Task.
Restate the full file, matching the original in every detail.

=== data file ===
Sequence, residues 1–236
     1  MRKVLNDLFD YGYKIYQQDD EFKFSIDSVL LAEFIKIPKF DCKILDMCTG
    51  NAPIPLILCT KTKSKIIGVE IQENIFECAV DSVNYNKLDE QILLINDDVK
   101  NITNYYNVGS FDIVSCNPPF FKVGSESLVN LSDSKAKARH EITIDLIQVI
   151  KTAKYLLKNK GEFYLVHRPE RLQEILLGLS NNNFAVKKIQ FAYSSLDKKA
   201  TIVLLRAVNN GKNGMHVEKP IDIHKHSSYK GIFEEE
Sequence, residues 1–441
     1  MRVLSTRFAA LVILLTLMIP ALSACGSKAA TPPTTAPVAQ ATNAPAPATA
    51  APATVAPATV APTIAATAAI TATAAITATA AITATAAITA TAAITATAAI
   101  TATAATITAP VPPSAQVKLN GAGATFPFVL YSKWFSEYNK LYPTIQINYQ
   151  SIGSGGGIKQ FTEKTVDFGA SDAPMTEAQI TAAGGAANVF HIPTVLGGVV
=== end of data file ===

Sequence, residues 1–236
     1  MRKVLNDLFD YGYKIYQQDD EFKFSIDSVL LAEFIKIPKF DCKILDMCTG
    51  NAPIPLILCT KTKSKIIGVE IQENIFECAV DSVNYNKLDE QILLINDDVK
   101  NITNYYNVGS FDIVSCNPPF FKVGSESLVN LSDSKAKARH EITIDLIQVI
   151  KTAKYLLKNK GEFYLVHRPE RLQEILLGLS NNNFAVKKIQ FAYSSLDKKA
   201  TIVLLRAVNN GKNGMHVEKP IDIHKHSSYK GIFEEE
Sequence, residues 1–441
     1  MRVLSTRFAA LVILLTLMIP ALSACGSKAA TPPTTAPVAQ ATNAPAPATA
    51  APATVAPATV APTIAATAAI TATAAITATA AITATAAITA TAAITATAAI
   101  TATAATITAP VPPSAQVKLN GAGATFPFVL YSKWFSEYNK LYPTIQINYQ
   151  SIGSGGGIKQ FTEKTVDFGA SDAPMTEAQI TAAGGAANVF HIPTVLGGVV